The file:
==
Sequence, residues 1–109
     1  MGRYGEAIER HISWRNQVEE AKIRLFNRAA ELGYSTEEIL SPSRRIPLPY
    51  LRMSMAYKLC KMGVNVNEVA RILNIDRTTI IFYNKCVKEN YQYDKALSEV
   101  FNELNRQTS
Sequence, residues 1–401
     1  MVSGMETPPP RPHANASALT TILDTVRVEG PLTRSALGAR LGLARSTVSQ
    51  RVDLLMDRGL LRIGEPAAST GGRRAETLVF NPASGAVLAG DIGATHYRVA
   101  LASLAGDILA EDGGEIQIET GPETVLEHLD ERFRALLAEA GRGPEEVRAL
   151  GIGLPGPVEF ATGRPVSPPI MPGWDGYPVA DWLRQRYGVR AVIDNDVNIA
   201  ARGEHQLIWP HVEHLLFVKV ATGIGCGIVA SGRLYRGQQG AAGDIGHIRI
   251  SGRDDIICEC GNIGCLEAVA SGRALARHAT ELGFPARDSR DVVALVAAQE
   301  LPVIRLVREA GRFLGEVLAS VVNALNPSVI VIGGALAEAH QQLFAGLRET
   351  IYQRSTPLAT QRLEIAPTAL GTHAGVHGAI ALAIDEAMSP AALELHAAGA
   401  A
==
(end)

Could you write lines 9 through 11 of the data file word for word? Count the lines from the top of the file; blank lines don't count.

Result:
   151  GIGLPGPVEF ATGRPVSPPI MPGWDGYPVA DWLRQRYGVR AVIDNDVNIA
   201  ARGEHQLIWP HVEHLLFVKV ATGIGCGIVA SGRLYRGQQG AAGDIGHIRI
   251  SGRDDIICEC GNIGCLEAVA SGRALARHAT ELGFPARDSR DVVALVAAQE